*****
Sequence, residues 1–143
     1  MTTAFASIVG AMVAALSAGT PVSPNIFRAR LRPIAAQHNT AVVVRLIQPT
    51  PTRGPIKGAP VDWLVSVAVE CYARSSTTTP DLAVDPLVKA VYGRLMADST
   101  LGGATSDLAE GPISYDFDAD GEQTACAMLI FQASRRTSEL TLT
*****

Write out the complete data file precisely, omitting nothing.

Sequence, residues 1–143
     1  MTTAFASIVG AMVAALSAGT PVSPNIFRAR LRPIAAQHNT AVVVRLIQPT
    51  PTRGPIKGAP VDWLVSVAVE CYARSSTTTP DLAVDPLVKA VYGRLMADST
   101  LGGATSDLAE GPISYDFDAD GEQTACAMLI FQASRRTSEL TLT